A&A: When are closed sessions legitimized under the Brown Act?

Q: I serve as a trustee on a California school board, and I have a Brown Act-related question. At our next board meeting we will be discussing whether to allow exemptions to the ban on carrying concealed weapons on campus (under SB 707). There is some move toward having the discussion in closed session on the grounds that it could potentially involve litigation and become a union issue.

Given that there’s no actual litigation, existing or threatened, are there legal grounds to make this board discussion a closed session?

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A: The Brown Act contains a few narrow exceptions to its requirement that all legislative deliberations occur in open session, including the “pending litigation exception”, which permits a legislative body to have a closed session “to confer with, or receive advice from, its legal counsel regarding pending litigation when discussion in open session concerning those matters would prejudice the position of the local agency in the litigation.”  Gov’t Code § 54956.9(a).

As is potentially relevant, litigation is “pending” when the following circumstances exist:

“(1) Litigation, to which the local agency is a party, has been initiated formally;

(2) A point has been reached where…on the advice of its legal counsel, based on existing facts and circumstances, there is a significant exposure to litigation against the local agency; or

(3) Based on existing facts and circumstances, the legislative body of the local agency is meeting only to decide whether a closed session is authorized pursuant to [the prior definition].”  Gov’t Code § 54956.9(d)(1)-(3).

“[E]xisting facts and circumstances” consist only of:

“(1) Facts and circumstances that might result in litigation against the local agency but which the local agency believes are not yet known to a potential plaintiff or plaintiffs, which facts and circumstances need not be disclosed;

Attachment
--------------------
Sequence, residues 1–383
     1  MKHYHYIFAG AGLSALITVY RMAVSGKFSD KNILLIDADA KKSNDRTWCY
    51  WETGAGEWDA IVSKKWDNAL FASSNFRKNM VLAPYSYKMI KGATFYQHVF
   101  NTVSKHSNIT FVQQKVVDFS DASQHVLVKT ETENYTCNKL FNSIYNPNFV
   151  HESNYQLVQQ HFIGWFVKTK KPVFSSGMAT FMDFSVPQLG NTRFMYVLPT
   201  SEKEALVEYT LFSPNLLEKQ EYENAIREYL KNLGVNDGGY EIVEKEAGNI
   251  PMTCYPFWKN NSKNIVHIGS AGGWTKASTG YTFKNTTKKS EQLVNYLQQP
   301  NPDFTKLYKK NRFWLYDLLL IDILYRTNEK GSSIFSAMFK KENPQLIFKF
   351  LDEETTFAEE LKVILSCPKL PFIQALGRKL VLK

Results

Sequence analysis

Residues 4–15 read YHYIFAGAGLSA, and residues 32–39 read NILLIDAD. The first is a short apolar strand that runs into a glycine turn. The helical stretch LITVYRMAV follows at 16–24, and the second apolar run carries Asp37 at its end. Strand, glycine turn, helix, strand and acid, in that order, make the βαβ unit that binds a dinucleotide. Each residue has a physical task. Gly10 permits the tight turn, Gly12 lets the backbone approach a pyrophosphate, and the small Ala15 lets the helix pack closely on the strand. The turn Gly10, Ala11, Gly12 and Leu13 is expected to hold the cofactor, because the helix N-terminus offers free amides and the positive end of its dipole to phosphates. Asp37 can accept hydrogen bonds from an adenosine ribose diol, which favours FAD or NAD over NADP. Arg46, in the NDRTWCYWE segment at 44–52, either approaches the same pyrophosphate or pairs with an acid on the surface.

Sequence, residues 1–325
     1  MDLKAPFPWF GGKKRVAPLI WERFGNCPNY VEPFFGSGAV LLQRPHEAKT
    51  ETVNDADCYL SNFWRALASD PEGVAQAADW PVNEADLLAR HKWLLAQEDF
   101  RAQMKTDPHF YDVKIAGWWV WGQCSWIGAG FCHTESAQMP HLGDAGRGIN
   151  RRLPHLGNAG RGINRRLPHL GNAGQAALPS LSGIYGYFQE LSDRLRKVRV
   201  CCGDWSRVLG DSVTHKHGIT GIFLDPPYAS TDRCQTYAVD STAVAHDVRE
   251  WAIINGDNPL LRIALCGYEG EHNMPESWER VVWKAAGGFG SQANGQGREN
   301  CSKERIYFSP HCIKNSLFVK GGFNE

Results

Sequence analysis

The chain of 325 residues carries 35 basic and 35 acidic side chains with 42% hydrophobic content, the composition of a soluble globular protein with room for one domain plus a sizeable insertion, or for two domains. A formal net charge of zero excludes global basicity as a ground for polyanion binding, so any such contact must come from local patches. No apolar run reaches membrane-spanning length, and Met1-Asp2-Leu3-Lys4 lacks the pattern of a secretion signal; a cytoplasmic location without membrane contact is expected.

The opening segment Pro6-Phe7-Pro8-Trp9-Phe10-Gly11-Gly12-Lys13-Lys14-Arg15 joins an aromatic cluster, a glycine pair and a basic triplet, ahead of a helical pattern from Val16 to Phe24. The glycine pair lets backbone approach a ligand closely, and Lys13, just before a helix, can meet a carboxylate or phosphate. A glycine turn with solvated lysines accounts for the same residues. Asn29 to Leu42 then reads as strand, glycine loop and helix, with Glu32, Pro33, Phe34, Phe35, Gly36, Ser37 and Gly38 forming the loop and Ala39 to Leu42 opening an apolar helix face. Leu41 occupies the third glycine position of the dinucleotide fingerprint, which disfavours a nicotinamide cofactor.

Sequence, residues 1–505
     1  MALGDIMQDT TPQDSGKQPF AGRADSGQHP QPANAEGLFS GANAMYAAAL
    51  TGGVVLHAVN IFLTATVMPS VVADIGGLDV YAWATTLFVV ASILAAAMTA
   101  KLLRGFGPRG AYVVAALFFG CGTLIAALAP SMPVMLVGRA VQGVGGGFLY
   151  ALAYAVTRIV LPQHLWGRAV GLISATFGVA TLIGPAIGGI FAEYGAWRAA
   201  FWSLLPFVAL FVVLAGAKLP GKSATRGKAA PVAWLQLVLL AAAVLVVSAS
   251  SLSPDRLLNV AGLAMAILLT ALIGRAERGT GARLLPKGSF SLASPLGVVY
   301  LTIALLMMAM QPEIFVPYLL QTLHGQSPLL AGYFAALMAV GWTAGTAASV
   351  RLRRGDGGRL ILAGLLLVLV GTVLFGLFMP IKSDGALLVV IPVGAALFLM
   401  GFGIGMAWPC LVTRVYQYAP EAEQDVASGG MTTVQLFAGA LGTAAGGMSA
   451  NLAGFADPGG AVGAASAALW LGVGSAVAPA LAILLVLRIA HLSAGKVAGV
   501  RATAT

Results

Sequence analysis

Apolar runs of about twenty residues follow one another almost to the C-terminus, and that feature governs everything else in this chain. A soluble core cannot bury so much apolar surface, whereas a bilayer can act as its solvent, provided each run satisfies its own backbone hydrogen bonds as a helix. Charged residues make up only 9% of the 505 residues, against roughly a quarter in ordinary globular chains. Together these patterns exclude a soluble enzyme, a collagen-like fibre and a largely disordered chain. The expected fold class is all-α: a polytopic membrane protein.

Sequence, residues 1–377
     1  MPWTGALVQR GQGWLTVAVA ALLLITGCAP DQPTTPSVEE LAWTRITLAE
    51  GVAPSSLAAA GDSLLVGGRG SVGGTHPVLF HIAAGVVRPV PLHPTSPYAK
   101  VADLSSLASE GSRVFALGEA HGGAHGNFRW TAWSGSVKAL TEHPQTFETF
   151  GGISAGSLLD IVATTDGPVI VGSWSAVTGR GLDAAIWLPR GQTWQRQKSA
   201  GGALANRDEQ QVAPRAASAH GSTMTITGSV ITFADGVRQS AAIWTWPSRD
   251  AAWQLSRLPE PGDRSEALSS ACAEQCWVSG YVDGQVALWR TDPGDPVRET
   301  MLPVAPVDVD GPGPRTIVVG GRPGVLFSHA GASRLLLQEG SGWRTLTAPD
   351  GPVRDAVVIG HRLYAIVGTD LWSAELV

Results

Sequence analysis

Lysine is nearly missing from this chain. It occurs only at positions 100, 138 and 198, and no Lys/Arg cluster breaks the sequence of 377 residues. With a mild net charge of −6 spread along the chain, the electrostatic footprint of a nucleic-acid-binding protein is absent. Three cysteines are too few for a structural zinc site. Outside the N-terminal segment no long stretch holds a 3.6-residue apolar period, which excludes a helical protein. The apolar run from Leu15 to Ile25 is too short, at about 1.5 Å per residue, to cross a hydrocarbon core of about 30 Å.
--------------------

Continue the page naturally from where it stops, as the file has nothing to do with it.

(2) Facts and circumstances…that might result in litigation against the agency and that are known to a potential plaintiff or plaintiffs, which…shall be publicly stated on the agenda or announced;

(3) The receipt of a claim pursuant to the Government Claims Act….or some other written communication from a potential plaintiff threatening litigation…;

(4) A statement made by a person in an open and public meeting threatening litigation on a specific matter within the responsibility of the legislative body; or(5) A statement threatening litigation made by a person outside an open and public meeting on a specific matter within the responsibility of the legislative body…”  Gov’tCode § 54956.9(e).

It is troubling that the school board would classify this particular agenda item under the pending litigation exemption merely because it is controversial. With regards to the information above, there has to be something concrete upon which to base a decision to hold the discussion behind closed doors–not merely some remote possibility of litigation.

If, for example, the union has stated that it will bring a lawsuit should the school take certain actions with respect to this issue, then it may be that this particular discussion can be held behind closed doors under this exemption.  However if it’s just a general fear of the union’s reaction to the school board’s decision, then it would seem this exemption has been invoked improperly.

I invite you to review Government Code Section 54956.9 to review the definition of pending litigation.

Bryan Cave LLP is general counsel for the First Amendment Coalition and responds to FAC hotline inquiries. In responding to these inquiries, we can give general information regarding open government and speech issues but cannot provide specific legal advice or representation.